Millenials: the cheapest generation?
Nobody is suggesting that the American consumer has bought her last house or car—only that houses and cars may lose some of the outsize importance they’ve had to the economy for the past 10 or 20 years or more. “There are a lot of countries, Germany for example, where homeownership rates are a lot lower than ours, and they have healthy incomes,” said Robert Lerman, an Urban Institute fellow in labor and social policy. Simple arithmetic says that if Americans spend less money on cars and houses, they’ll have more money left over to spend or save—and not all of that will go to electronic gadgets.
Pakistani cleric arrested for framing 14-year-old-girl in a Koran burning
The Vatican, democracy movements and Western governments have all expressed concern about the case.Desmond Tutu: prosecute Bush and Blair for war crimes over the Iraq invasion
Human rights groups believe Pakistan’s strict blasphemy laws are being abused to target religious minorities or settle personal scores.
The issue is hugely sensitive in Pakistan, where 97 percent of the 180 million population are Muslims, and allegations of insulting Islam or the Prophet Mohammed often prompt a furious public reaction.
On what grounds do we decide that Robert Mugabe should go the International Criminal Court, Tony Blair should join the international speakers' circuit, bin Laden should be assassinated, but Iraq should be invaded, not because it possesses weapons of mass destruction, as Mr Bush's chief supporter, Mr Blair, confessed last week, but in order to get rid of Saddam Hussein?
The cost of the decision to rid Iraq of its by-all-accounts despotic and murderous leader has been staggering, beginning in Iraq itself. Last year, an average of 6.5 people died there each day in suicide attacks and vehicle bombs, according to the Iraqi Body Count project. More than 110,000 Iraqis have died in the conflict since 2003 and millions have been displaced. By the end of last year, nearly 4,500 American soldiers had been killed and more than 32,000 wounded.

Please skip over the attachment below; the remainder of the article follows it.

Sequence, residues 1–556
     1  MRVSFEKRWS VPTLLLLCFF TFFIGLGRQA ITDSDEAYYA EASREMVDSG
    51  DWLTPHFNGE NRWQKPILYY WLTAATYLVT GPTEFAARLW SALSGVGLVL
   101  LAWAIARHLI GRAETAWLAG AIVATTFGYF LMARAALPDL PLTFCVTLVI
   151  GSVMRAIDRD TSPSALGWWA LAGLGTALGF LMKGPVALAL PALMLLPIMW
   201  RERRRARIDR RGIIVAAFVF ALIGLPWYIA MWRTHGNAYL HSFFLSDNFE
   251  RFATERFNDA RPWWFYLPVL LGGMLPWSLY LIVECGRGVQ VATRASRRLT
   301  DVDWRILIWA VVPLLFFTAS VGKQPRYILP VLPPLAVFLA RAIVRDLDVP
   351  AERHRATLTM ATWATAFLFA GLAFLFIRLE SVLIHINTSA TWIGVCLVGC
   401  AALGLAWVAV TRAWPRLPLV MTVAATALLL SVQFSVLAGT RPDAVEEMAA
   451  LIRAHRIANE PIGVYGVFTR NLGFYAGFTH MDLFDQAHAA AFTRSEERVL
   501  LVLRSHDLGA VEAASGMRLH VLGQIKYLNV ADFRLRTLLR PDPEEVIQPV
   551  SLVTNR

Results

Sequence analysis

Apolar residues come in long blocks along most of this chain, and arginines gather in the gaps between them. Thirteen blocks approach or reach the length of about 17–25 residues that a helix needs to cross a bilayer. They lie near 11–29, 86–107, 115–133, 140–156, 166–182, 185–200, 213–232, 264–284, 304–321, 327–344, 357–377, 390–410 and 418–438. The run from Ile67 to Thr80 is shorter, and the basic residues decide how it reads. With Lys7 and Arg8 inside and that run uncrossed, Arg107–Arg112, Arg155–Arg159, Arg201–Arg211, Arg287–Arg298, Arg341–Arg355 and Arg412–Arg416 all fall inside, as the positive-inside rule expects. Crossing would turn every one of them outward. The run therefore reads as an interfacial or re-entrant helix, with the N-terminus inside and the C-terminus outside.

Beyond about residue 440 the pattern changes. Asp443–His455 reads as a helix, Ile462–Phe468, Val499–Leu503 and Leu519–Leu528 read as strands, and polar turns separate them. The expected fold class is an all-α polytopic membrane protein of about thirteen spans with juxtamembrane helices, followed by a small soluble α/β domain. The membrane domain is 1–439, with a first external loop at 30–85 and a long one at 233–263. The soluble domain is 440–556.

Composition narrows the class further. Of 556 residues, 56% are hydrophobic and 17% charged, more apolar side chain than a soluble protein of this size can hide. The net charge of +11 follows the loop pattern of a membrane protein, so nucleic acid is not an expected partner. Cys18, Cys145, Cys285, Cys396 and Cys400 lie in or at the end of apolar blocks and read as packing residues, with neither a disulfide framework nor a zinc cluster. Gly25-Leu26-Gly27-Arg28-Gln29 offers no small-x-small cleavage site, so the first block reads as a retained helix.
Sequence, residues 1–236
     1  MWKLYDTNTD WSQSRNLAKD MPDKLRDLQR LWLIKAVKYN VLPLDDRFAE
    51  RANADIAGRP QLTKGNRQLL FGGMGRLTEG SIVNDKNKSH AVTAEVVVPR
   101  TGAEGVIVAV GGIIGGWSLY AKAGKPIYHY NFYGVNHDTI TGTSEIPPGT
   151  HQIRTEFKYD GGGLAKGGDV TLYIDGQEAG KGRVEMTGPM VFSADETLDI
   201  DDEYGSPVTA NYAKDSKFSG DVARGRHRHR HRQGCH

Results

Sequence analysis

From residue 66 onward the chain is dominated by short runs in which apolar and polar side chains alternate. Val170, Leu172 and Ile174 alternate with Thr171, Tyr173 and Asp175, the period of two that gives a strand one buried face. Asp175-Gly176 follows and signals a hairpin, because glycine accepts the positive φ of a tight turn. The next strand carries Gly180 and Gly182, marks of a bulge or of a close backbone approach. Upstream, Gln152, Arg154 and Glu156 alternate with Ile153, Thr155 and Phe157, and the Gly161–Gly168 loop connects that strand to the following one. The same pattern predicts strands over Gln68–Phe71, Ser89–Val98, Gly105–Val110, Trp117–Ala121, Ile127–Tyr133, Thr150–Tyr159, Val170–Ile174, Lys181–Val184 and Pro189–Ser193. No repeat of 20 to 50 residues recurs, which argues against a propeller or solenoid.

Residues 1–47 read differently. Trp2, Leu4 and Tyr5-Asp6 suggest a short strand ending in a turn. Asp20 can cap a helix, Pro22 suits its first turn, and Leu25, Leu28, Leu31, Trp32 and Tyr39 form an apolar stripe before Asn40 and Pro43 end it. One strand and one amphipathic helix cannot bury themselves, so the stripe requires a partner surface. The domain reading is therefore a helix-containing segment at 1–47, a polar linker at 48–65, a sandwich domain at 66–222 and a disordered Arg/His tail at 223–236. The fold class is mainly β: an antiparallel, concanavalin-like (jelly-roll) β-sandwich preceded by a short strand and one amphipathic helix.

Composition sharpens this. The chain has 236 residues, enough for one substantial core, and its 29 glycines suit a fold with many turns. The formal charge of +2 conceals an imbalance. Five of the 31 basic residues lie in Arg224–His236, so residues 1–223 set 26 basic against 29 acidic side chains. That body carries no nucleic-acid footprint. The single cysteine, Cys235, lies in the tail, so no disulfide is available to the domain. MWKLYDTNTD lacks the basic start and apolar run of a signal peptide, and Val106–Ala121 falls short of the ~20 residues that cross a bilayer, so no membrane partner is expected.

The global, gangsta rap business model behind Mexican narco-balladeersOn these grounds alone, in a consistent world, those responsible for this suffering and loss of life should be treading the same path as some of their African and Asian peers who have been made to answer for their actions in the Hague.
“I keep meeting third-generation middle-class Chicano kids who grew up speaking English and listening to rap but who are now learning Spanish through the new narcocorridos,” says Brian Plascencia, the veteran manager of L.A. corrido group Los Nueves Rebeldes. “It’s not the negative influence some say it is. The narcocorridistas are the same as the gangsta rappers — ‘Fake it til you make it’. Do some artists occasionally hang out with mafia? So did Frank Sinatra.”
Listening to the Twiins place massive bets on the future — their email signature is “Taking Over The Music Industry!!!!” — it’s almost possible to forget that they’re talking about torture-filled polka party jams about Mexican cartel politics and the underdog heroics of hired killers. The music is banned from Mexican radio, and there is a movement in Mexican parliament to ban live performances. “I understand the critics’ viewpoint,” says Omar, “but right now young people want this, and what they want is my business. The demand will be there until the violence stops. Then we’ll sell something else.
Unemployment in Canada has only dropped 1% since the recession ended, less than the drop in the United States which dropped almost 2%.
Unemployment should be dropping like a rock in Canada, not staying pace with the United States.
So for the last 3 years, 2009- 2012 the Canadian economy has failed to produce jobs at a healthy clip, even though corporate taxes are on the verge of being the lowest of the G7 countries.